Letters

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Alerting the Public Congratulations on publishing "Love Canal: The Truth Seeps Out" (Feb.). I come from the Buffalo area and have been aware of the real scandal—the refusal of the EPA, state, local, and federal government to do anything for the stricken residents of the Love Canal neighborhood in favor of filing a spurious suit against Hooker Chemical—for some time now. Nearly everyone who has bothered to look at the public record is aware of the efforts made by Hooker to head off the tragedy and of the timely and strenuous warnings Hooker made. Nor are residents of the area unaware of the negligence of the Niagara School Board in this matter. Like the author, I was enraged by the spate of books, articles, and public comment in the media and by public officials which misrepresented the circumstances under which this dismal affair occurred. Like the author, I sought to alert the public with a number of letters to major newspapers and magazines; I, however, was unable to get a single one of them into print.

Scott Garretson
St. Louis, MO

Some Thoughts for Machan Thank you for publishing "Some Thoughts for the New President" by Tibor R. Machan (Mar.). I always enjoy his writing. I often feel frustrated because I cannot express my position on some issue or other with the clarity and conciseness that I would like. When Mr. Machan writes on the issue, my frustration is gone because as soon as I read his words, I realize "That's it, that's the way I want to put it." Thanks again.

John G. Tietz
Hamilton, MT

Our Mistake… We noted in your Coming Attractions in the April REASON that you listed an article on DMSO written by "science writers Durk Pearson and Sandy Shaw." We would like to correct this designation which could easily be misunderstood. We are both research scientists. The science writing that we do is strictly secondary to and derived from our research work. Calling us science writers is like calling Carl Sagan a television performer, rather than an astronomer. We do not want to be described as science writers (most of whom are not scientists), but rather as research scientists.

Durk Pearson and Sandy Shaw
Research Scientists
Palos Verdes Estates, CA

Immigration Proposal To me the unique and powerfully attractive attribute of libertarian thought is its consistent application of the ideal of individual freedom; indeed it is this that so sharply distinguishes it from mere free-market conservatism, on the one hand, and mere pot-smoking liberalism, on the other. It was therefore disappointing to read David Rees's article on immigration (Mar.). His initially attractive idea of a free market in passports seems to me a nonsolution to a nonproblem. The real injustice is not simply that immigrant visas are costly or difficult to acquire, but that they have to be acquired at all; that human beings are being prevented, by border police paid out of funds confiscated from other human beings, from living and working wheresoever they wish. The real problem is a radical denial of personal freedom, and Rees's scheme does nothing to solve it.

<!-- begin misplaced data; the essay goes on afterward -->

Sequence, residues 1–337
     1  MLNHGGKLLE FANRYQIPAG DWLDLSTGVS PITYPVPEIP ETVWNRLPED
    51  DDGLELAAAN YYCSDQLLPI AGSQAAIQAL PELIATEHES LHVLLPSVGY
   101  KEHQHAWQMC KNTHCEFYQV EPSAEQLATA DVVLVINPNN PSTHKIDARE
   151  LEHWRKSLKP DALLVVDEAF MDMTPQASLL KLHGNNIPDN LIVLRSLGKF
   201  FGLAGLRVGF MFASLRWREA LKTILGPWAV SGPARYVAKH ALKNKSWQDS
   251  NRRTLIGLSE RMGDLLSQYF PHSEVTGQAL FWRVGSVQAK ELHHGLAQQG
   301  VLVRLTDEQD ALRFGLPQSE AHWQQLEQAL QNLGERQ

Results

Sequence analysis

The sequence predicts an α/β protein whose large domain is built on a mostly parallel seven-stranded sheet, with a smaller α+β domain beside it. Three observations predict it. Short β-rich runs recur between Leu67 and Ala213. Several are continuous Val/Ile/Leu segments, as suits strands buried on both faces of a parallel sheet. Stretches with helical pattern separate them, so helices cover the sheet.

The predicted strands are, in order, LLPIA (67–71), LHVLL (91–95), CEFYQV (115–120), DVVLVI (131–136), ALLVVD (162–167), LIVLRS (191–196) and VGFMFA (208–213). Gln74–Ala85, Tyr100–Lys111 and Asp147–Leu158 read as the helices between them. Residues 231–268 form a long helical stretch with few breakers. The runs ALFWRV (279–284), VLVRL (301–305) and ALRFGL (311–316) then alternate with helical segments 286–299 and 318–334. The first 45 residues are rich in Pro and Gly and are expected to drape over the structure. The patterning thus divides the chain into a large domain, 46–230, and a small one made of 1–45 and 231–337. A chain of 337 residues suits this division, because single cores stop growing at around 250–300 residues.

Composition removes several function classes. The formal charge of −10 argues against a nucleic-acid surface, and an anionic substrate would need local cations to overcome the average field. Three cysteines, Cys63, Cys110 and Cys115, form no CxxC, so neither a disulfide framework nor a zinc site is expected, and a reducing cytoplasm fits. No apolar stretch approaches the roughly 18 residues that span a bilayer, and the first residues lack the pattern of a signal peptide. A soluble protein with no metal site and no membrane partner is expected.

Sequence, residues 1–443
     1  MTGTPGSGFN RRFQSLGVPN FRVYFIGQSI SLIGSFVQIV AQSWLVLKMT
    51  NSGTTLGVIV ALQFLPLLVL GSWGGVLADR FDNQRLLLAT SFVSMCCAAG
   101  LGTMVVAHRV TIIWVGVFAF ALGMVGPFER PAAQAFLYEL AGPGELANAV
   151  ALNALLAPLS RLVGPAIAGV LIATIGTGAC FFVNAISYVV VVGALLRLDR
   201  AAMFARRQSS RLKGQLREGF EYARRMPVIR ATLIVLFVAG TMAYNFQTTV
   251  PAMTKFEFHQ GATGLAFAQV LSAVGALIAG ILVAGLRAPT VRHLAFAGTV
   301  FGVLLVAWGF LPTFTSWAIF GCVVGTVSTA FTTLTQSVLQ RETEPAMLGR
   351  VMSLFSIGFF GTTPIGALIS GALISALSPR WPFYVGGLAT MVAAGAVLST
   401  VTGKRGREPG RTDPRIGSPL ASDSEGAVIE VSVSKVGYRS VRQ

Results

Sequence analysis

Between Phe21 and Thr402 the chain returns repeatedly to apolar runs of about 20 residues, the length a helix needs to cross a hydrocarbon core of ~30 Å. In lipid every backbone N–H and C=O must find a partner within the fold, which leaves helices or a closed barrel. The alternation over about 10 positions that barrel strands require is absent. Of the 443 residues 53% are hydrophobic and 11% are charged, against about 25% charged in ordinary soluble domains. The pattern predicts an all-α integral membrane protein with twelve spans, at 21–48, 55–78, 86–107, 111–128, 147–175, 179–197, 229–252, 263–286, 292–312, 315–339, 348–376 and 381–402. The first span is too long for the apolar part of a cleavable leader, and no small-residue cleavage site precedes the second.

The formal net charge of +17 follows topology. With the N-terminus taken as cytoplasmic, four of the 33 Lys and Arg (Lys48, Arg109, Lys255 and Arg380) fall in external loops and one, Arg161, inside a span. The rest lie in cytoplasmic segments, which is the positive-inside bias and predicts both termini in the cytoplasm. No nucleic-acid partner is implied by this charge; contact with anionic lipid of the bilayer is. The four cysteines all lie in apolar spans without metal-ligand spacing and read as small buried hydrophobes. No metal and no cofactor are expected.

If I understand it right his rationale is that the US immigrant acquires certain assets (roads, drains, social systems) he did nothing to earn. But neither did a baby born 50 yards north of the Mexican border; yet one born the same day 100 yards further south will later be turned back from these assets by a well-armed goon squad.

I suggest a more truly libertarian approach would: 1) correctly identify the problem as another instance of oppression of the individual by the State; 2) solve it immediately by scrapping all controls on immigration and by abolishing the INS; 3) repeal all laws concerning wages; and, 4) abolish all government welfare for the unemployed. The resulting initial flood of foreigners will rapidly run dry when word from them gets back that the demand for workers with no skill and little English yields under $1 an hour, which buys no more than their income prior to emigration; and that there is no government unemployment welfare; and that the best that can be obtained from the many private charities is a bus ticket to the nearest border crossing. The few who do stay will enrich this free country by their hard work and determination to make good as much then as they did a century ago.

A.J. Davies
Ridgefield, CT

Political Passports David J. Rees's article (Mar.) attempts to present a solution to the immigration problem but fails because Rees never defines the real problem. The real problem with immigration is the desire of the State to control individuals. Unless this is addressed and challenged all solutions will only be reforms and sanctions of existing bad systems. Rees's failure to acknowledge the rights of individuals results in a notion that the State bestows rights, privileges, and social assets (!) upon its subjects, and it does this by awarding small booklets known as passports. If Rees had defined immigration in an individual rights context he would recognize that passports are really nothing but useless political paraphernalia used by the State to intimidate its subjects.

Rees's scheme fails not only as a moral solution, it fails as a practical solution. It promises us a whole new bureaucracy to handle this nonsolution. We would now have to endure time daters and more tax collectors! As a result, the political society we are already saddled with would grow larger.

If Rees truly desires a caring and thoughtful solution to the immigration problem, he should ensure that individual rights are central to the solution and that the State is always challenged over its "right" to control the mobility of individuals. The only innovative solution to the immigration problem is to call for open borders internationally.